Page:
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DWDM

Infinera Races the Clock on 100G

Infinera Corp. (Nasdaq: INFN) might have 100 Gbit/s ready a little sooner than expected.

During an earnings call Thursday, company officials said a product supporting 100Gbit/s wavelengths could get announced in the December quarter of 2011, with volume shipments coming by June 2012. Previously, Infinera had said only that 100 Gbit/s would come in 2012.

That new product will be based on Infinera's 500Gbit/s photonic integrated circuit (PIC), which carries five channels that run at 100Gbit/s each.

Infinera's 40Gbit/s product, which won't be based on its PIC, will ship in the September quarter, officials said Thursday. As analyst George Notter of Jefferies & Company Inc. pointed out, that's a bit later than the "mid-2011" target Infinera was using before. "Clearly I was hoping to get it out closer to Q2," CEO Tom Fallon told him on the earnings call.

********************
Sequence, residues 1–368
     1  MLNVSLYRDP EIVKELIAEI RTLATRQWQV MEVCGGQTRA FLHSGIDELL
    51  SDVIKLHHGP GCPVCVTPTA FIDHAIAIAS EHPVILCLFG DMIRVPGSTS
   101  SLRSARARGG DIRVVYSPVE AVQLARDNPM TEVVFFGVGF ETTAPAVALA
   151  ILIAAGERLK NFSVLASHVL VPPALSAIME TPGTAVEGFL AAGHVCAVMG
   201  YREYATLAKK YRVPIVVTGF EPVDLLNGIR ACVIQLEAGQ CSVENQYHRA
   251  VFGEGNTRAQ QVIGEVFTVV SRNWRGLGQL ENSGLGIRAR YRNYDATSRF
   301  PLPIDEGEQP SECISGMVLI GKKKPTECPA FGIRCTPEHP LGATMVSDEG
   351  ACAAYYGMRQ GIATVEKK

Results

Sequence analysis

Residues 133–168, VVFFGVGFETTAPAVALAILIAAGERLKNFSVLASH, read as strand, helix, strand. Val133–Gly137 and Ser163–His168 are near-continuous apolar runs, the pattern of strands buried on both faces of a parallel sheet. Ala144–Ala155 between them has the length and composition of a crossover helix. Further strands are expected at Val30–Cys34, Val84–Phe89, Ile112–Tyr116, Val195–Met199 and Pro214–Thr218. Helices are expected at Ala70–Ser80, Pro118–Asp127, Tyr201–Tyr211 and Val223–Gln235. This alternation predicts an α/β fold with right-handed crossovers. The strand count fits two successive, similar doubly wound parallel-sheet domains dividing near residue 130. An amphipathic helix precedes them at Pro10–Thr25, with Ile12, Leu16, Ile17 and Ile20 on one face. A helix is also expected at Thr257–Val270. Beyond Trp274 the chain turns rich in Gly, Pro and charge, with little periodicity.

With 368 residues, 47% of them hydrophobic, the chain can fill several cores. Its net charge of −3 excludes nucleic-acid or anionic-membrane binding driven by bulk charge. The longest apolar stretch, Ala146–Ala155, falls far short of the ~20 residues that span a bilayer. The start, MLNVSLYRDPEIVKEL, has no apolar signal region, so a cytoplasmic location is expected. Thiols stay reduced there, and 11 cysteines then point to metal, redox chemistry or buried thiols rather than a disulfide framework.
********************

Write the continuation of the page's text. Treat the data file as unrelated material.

Why this matters
Infinera needs that 100Gbit/s product. Analysts still believe the company's hyper-integrated optics can be a big difference-maker in telecom, but Infinera is late to 40 Gbit/s. Officials admit their sales have suffered -- either through lost business or customers waiting for 100Gbit/s -- and Infinera has lowered its revenue forecasts for three quarters in a row.

The company still has a chance to catch most customers just as they're ready for 100 Gbit/s, but its margin of error has gotten slim. Every quarter, it's important for Infinera to reassure customers and investors that it's going to deliver 100 Gbit/s on time.